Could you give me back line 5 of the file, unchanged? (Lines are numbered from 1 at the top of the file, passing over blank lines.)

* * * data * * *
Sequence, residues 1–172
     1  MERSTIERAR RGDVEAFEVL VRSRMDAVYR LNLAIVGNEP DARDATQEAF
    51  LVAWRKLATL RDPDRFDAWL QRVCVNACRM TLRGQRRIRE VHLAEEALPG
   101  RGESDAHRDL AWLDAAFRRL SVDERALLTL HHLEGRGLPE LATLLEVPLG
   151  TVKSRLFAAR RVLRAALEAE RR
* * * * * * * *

   151  TVKSRLFAAR RVLRAALEAE RR